When politicians change their minds on a major issue, especially something of a social nature, it is usually for political or financial reasons. Either they have miscalculated the views held by their electorate, overplayed their hand with budgetary “commitments,” or the winds of change have left them in the dust and they are trying to catch up.
These changes of heart quite often come after elections, when promises made cannot be promises kept. They are referred to as flip-flops, U-turns, what Europeans call volte-face – an about-face.
So it is with some suspicion that many queer Canadians now look on the Conservative party’s belated embrace of our community and its international needs.
It is perhaps most interesting that Minister of Citizenship, Immigration and Multiculturalism Jason Kenney has taken up the mantle. He who so successfully played the Tory’s preelection point man in Canada’s ethnic minority communities, effectively working to convince many potential voters of his party’s about-face on issues of multiculturalism and immigration.
I suspect the gay community will not be as easy to win over, especially when here in Canada we’ve spent these past six Conservative years trying to hold on to and claw back rights, programs and funding with those same faggot fingernails Tory MP Tom Lukiwski once said are laden with dirt that transmits disease.
It will surely take more than a self-congratulatory email like the one Kenney sent Sept 24.
Of course, the note championing his fight to rescue queer Iranian refugees should not be taken too seriously — the minister is known for congratulating himself. He even recently hosted a petition on his website on which fans could leave personal thank-yous.
And then there’s the curious case of Foreign Minister John Baird. The National Post on Sept 22 told Canadians the Conservative bulldog has an “aggressive agenda” to stand up to countries where homosexuality is still criminal. It’s a shame (considering his position of influence) that Baird has not been able to stand up and take pride in his own sexuality. This speaks volumes.
And while for once it is nice not to feel compelled to turn away in shame when a Conservative minister speaks on the world stage, these types of aggressive agendas take more than words. So far neither Kenney nor Baird has offered much in the way of money or cohesive policy.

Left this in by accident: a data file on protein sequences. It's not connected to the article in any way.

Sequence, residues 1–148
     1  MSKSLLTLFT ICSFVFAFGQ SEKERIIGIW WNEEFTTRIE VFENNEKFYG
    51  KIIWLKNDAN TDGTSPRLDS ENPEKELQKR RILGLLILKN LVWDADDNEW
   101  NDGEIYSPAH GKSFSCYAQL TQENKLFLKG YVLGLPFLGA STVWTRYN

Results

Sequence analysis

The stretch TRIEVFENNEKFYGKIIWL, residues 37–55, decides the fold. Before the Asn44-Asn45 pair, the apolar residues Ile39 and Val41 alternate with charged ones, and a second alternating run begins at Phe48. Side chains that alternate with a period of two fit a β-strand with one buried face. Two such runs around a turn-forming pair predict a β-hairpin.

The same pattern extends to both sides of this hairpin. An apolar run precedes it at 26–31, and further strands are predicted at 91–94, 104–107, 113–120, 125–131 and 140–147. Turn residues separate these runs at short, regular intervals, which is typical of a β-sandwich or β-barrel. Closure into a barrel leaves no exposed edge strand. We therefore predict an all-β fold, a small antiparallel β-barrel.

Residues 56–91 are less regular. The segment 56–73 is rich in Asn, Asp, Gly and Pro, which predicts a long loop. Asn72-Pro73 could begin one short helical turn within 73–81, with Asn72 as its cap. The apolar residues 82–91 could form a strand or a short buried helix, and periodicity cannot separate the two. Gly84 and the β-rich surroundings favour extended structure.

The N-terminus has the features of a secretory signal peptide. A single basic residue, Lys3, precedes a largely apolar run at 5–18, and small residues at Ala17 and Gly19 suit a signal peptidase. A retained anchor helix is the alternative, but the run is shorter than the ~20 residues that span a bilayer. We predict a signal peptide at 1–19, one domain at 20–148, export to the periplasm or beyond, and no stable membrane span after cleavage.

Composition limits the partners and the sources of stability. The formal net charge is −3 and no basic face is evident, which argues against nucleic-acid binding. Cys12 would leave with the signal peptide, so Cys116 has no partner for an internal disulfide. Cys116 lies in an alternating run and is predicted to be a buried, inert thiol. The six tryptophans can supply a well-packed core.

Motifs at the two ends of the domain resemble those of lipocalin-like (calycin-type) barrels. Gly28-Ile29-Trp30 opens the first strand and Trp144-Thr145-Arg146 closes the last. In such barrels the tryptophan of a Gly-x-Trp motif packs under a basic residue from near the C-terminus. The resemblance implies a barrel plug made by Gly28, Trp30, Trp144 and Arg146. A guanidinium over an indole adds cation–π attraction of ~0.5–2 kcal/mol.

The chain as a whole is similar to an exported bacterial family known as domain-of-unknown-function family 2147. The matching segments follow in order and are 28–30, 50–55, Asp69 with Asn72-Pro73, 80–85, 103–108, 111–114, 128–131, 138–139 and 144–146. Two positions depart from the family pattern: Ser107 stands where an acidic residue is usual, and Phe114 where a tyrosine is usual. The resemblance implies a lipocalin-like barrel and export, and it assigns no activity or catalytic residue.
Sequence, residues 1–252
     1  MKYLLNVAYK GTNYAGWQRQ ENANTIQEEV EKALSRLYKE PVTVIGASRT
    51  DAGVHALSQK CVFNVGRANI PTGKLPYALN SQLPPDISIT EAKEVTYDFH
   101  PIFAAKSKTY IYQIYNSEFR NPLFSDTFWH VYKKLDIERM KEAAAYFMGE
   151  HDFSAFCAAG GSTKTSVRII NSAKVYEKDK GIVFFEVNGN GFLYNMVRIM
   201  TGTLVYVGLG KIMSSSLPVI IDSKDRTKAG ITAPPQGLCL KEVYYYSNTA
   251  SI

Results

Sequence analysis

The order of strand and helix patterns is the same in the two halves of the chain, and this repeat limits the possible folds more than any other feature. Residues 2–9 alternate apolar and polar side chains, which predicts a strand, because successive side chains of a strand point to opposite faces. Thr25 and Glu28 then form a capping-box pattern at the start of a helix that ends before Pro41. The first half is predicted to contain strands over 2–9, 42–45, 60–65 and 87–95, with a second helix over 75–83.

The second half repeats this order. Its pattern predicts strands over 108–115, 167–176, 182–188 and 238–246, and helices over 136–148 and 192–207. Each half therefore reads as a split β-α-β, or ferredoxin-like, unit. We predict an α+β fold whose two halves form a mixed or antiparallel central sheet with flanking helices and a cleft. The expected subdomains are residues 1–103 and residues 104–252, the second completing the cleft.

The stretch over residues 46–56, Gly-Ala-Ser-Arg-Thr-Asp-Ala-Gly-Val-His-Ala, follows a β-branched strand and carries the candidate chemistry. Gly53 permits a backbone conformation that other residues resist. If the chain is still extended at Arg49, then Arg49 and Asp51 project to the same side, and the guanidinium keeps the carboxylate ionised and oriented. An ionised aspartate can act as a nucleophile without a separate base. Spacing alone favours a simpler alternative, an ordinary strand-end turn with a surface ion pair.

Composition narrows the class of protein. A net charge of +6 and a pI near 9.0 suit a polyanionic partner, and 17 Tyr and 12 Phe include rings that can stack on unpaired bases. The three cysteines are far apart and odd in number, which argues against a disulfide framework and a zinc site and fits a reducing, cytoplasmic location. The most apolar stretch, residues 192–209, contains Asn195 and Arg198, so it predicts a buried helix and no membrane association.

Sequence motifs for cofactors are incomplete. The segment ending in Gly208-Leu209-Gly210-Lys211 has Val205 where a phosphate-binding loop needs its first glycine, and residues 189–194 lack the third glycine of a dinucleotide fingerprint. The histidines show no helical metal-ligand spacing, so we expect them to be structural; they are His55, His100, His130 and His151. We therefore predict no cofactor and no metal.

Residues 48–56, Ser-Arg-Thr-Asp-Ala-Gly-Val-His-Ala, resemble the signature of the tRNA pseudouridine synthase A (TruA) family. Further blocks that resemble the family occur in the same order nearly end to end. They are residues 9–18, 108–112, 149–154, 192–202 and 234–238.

In a recent column in Embassy, Canada’s foreign-policy newsweekly, Akim Adé Larcher, the former director of policy and research at Egale, said that in terms of promoting queer rights abroad, “Canada has seated itself at the global table without resources or a clear direction in terms of what it wants to achieve.”
A 2012 Organisation for Economic Co-operation and Development (OECD) review also criticized Canada for recent cuts to its foreign aid budget. It said Ottawa lacks transparency, and its work with Canadian organizations promoting human rights abroad has become “ad hoc and selective.”
With this in mind, Baird’s criticism is empty; it seems simply a way of embarrassing other states our government doesn’t like. If Baird is so anxious to promote gay rights abroad, what is he doing about the myriad human rights abuses against our community perpetrated in parts of the United States? By the Vatican? By our new buddies the Chinese?
Similarly, Kenney’s gay refugee fight seems to start and stop with Iran, underscoring the government’s dangerous use of ideology to guide its policy decisions. While Iran is no model for gay rights, the Rainbow Refugee Committee’s Sharalyn Jordan notes that there are more than 78 countries with criminal sanctions against queer people, including several other countries with the death penalty.
Kenney’s government has had no problem deporting gay refugee claimants from these countries, including sending Kulenthiran Amirthalingam back to Malaysia in 2008. The gay man had previously spent time in a prison there. Kenney’s recent email, astonishingly, touts his work with the Rainbow Refugee Committee. Meanwhile, representatives at that group have excoriated most of the minister’s decisions on this file.
These slick politicians have taken the country’s temperature and found most Canadians (including many of the 60 percent who did not vote for them) are okay with the whole gay thing. That does not mean they have any intention of doing anything about it other than congratulating themselves and hanging a bunch of shiny new window-dressing.